Blood offered to appease deity


The male devotees, including children, offer their blood to propitiate the deity so that their wishes could be fulfilled.

As per the tradition, adult male devotees are “deliberately wounded” with a shaving knife at as many as nine places on their body. The blood, which then pours out of the wounds, is offered to the goddess.

After offering their blood, the devotees apply “ash”, which is collected after performing “yajnas” (a ritual performed with fire amid chanting of vedic mantras), on their wounds.
While adult male devotees are “wounded” at nine place in their bodies, only one cut is inflicted on child devotees, according to priests associated with the temple.

The temple is thronged by thousands of devotees from far away places during “navaratri”. “Even newborn babies are brought here and a small wound is made on their body to offer blood to the deity,” they said.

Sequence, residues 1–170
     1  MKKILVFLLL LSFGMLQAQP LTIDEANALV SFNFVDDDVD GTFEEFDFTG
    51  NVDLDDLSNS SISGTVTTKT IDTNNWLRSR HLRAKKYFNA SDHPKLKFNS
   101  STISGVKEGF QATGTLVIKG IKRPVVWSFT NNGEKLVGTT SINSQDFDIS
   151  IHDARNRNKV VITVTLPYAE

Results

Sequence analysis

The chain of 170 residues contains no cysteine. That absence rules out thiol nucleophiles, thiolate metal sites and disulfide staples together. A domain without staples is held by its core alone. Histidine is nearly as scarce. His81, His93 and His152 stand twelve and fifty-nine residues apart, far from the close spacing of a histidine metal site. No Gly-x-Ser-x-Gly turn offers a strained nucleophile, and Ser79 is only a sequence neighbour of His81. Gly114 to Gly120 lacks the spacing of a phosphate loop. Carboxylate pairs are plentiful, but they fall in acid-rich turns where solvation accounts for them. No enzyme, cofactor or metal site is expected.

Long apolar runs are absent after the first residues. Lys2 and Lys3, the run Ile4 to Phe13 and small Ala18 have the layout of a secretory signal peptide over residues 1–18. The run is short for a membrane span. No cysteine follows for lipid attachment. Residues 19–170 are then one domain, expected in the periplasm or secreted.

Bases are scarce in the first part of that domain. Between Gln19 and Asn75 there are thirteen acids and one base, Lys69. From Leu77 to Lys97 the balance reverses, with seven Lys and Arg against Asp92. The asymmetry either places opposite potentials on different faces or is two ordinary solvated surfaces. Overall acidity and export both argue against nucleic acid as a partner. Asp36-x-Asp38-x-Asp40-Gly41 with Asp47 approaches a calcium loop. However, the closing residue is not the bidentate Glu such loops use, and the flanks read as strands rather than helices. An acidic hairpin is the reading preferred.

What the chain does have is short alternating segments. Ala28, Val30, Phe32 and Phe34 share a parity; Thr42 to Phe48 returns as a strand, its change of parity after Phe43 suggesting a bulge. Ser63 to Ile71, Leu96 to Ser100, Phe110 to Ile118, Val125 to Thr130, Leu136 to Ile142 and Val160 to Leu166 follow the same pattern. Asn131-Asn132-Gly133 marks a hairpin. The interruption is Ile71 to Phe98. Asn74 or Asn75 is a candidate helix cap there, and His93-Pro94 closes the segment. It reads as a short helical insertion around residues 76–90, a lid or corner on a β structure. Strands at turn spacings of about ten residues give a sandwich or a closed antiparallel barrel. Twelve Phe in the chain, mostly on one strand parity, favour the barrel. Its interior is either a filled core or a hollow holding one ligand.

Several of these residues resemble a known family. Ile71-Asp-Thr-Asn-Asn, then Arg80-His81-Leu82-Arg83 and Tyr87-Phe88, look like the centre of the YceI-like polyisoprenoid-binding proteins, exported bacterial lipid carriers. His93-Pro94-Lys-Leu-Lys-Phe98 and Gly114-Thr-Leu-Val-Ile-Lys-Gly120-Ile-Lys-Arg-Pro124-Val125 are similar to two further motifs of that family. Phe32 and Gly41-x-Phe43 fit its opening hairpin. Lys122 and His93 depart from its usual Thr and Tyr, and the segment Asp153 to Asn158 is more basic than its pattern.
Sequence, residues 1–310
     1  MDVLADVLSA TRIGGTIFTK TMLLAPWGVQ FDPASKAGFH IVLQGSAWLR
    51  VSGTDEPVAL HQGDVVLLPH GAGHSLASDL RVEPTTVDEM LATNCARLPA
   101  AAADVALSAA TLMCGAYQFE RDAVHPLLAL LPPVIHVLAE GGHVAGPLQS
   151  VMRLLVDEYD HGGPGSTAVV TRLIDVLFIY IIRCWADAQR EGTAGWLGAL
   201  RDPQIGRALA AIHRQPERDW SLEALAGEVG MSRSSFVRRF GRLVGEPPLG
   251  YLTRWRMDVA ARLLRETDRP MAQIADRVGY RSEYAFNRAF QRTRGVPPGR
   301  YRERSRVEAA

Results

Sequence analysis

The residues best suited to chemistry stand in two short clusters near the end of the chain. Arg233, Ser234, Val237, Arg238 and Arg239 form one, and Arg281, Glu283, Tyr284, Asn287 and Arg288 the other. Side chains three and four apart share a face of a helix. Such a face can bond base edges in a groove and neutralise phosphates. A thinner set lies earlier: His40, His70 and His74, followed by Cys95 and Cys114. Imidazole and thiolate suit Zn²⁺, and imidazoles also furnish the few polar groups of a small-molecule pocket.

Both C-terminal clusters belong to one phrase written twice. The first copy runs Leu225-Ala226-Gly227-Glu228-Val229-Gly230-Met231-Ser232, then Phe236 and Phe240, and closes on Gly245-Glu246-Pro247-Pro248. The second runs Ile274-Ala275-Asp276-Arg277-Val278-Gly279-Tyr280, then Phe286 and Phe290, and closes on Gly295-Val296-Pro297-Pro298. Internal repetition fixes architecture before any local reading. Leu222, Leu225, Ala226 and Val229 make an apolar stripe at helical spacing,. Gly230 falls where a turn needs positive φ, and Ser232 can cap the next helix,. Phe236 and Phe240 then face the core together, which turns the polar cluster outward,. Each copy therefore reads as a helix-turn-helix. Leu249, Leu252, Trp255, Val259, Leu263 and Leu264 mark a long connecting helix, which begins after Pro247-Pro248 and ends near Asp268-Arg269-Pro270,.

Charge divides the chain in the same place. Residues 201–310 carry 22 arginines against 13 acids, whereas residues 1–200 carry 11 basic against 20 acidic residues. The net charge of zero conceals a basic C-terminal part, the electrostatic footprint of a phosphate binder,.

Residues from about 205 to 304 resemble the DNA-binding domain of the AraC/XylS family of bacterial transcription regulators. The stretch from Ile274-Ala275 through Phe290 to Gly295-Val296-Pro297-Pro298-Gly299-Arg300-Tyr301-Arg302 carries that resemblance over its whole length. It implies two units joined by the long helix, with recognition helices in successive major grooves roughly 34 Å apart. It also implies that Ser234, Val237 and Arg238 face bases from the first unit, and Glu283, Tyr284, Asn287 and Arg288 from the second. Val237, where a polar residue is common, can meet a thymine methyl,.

Incidentally, only one shaving knife is used to inflict the wounds thereby increasing manifold the risk of an infection. But the devotees do not seem to be bothered about it.
“The wounds are healed quickly after applying the ashes of the yajna kund,”  priests said. They said earlier animals used to be sacrificed at the temple but the tradition was abandoned decades ago and instead the devotees started offering their own blood.

The tradition has full support of the local politicians also. The member of the UP Legislative Council from the area, Dr Y D Singh, who incidentally happens to be a child specialist, also finds nothing wrong with the tradition and more so with the use of a single knife. “I have been observing the tradition for the past several years…no harm came to any one so far…it is a matter of faith and no question should be raised in this regard,” Singh said.

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